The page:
About six months ago, shortly after the cinema shooting in Aurora, CNN ran a story by Bruce Schneier about how we tend to draw the wrong lessons from horrific events.
Schneier said that instinctively, our brains are not that good at risk analysis. We base our evaluations of events, particularly threatening events, “more on stories than on data”:
If a friend tells you about getting mugged in a foreign country, that story is more likely to affect how safe you feel traveling to that country than reading a page of abstract crime statistics will. Novelty plus dread plus a good story equals overreaction.
Chip and Dan Heath, in their book Made to Stick, bear this out with a lot of evidence; stories give us something to grip onto that has an emotional association.
This emotional touchstone found in narrative, which is generally absent from hard data, also affects how we narrate our own lives, to ourselves and to others. Maura Kelly, reviewing “The Storytelling Animal: How Stories Make Us Human” in The Atlantic a few months ago, talks about Jonathan Gotschall’s theory that stories make us feel our lives are important, and allow us to impose order on chaos. There’s a famous saying: the difference between reality and fiction is that fiction has to make sense.
The negative aspect of all this is that a scary story is more effective than a ream of reassuring data, as the general reaction to the Aurora shooting seems to bear out. People said at the time they were scared to go to the cinema, when in reality they should be much more scared of getting into their cars.
The positive aspect of the human dependence on narrative is that when we re-narrate our own lives, we tend to make them better — ourselves more heroic, our actions more sensible, our existence as individuals more important. Gotschall even theorises that “talk” therapy is effective because it forces us to narrate our lives to another person and, when we do, we tend to reframe them more positively than we might privately. People with depression, he says, actually see their existence more realistically, which may be why they’re so depressed.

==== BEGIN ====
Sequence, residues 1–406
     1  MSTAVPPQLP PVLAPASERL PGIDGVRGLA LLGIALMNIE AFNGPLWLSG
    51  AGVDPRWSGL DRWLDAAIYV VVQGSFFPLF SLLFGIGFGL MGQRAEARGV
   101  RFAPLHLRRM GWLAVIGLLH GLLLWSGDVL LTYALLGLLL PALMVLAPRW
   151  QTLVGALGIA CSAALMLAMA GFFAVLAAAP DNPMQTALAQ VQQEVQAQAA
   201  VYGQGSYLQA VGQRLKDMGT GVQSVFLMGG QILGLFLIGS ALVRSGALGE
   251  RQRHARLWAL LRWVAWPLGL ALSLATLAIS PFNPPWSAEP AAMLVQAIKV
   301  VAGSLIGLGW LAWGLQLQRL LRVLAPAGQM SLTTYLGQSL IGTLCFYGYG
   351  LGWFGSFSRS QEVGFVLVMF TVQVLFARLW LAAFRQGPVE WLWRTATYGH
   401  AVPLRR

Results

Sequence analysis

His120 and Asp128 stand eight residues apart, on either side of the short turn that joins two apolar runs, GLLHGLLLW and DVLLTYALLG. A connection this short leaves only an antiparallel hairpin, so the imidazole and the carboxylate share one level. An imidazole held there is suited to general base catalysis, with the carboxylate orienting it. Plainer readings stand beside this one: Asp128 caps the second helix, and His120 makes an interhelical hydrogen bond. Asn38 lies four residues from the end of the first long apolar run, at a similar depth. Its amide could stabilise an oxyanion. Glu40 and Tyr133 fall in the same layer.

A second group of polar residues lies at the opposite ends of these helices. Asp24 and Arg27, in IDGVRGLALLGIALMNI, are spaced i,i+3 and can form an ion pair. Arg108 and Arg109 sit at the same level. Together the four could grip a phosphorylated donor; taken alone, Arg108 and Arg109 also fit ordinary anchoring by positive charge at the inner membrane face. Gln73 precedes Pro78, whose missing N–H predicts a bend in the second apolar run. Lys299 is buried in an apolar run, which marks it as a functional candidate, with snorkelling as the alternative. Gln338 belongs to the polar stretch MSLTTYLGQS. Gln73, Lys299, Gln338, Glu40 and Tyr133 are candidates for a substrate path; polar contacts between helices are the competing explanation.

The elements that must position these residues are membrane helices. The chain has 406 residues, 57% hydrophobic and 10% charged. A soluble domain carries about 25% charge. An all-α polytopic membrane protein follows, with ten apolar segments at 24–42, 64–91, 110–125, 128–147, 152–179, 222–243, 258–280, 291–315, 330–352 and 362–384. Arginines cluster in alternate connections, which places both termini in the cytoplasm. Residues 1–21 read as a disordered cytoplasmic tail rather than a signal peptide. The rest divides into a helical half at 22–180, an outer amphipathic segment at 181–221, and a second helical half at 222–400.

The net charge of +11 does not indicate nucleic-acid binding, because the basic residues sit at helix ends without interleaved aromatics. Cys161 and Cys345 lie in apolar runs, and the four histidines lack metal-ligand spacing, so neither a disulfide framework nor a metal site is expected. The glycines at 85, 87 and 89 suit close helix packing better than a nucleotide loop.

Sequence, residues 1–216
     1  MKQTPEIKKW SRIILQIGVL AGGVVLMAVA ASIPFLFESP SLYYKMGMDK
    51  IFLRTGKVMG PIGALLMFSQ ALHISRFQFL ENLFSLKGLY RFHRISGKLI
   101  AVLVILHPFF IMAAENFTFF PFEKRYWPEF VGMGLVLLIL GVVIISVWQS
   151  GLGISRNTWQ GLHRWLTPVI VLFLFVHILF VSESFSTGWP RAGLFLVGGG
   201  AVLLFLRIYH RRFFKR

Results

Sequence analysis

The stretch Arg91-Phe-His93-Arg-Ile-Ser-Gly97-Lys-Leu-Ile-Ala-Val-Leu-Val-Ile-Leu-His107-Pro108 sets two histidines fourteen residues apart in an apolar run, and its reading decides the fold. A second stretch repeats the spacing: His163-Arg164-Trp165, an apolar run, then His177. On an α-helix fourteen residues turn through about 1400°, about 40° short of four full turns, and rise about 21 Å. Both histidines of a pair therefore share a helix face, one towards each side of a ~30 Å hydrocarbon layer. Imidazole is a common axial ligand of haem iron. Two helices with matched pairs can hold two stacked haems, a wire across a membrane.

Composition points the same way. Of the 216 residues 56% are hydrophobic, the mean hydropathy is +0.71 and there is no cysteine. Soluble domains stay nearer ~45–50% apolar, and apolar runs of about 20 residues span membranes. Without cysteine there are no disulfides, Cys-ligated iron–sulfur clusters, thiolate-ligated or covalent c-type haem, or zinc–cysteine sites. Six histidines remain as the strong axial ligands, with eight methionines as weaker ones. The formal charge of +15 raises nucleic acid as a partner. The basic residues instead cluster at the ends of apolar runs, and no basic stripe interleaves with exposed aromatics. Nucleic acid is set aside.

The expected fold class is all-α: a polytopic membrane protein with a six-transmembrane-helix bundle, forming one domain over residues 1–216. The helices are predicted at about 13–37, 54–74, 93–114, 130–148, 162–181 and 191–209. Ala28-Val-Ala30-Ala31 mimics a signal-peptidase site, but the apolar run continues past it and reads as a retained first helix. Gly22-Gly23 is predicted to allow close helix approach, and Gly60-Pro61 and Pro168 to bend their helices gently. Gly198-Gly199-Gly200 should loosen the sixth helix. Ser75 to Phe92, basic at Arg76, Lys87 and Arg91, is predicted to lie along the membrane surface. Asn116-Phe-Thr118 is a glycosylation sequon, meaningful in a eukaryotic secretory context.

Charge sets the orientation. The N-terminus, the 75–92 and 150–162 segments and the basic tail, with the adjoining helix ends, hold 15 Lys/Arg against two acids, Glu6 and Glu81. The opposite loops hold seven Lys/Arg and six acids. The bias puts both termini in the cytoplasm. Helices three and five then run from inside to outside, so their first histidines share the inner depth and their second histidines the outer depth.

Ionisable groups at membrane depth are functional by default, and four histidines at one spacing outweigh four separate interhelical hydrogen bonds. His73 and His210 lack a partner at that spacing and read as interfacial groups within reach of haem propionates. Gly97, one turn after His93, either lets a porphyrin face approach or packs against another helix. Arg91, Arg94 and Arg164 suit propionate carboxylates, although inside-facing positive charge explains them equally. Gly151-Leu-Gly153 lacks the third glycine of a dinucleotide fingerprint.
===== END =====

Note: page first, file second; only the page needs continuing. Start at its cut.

Gotschall says that humans crave meaning, but meaning is not the same as truth. Meaning tends to come from cohesive stories rather than the random events that make up our lives. There’s a debate that sometimes crops up among consumers of popular culture as to whether “realism” or “fantasy” is preferable: whether people want stories where realistic events happen, deaths and unhappiness and breakups and failed love (George R. R. Martin’s love of killing everyone in his books comes to mind), or whether they want stories where people get the happy endings they deserve and the bad always suffer (shades of Mills & Boone).
It’s difficult to go either way, because the one is often depressing and the other is frequently boring. As Charles Schultz said, “Happiness, unfortunately, isn’t funny,” but I have to admit that I’m depressed often enough that I prefer the fantasy. On the other hand, as a writer focused on interaction with his audience I also have to make sure that I’m serving as many people as I can without corrupting the story. It’s one reason I disdain writers who destroy just to be novel or shocking, those who kill characters out of spite or who react to their fans’ love of a character or relationship by wrecking it. It’s petty, which is very human, but it’s a particularly cruel form of pettiness masquerading as realism.
We have the ability to put order to the world, at least a little bit, in our stories; we even have the inclination. If you destroy, the result for the story should be worth the effect. Reality is frequently hard and unforgiving and we have to spend the rest of our time in it anyway.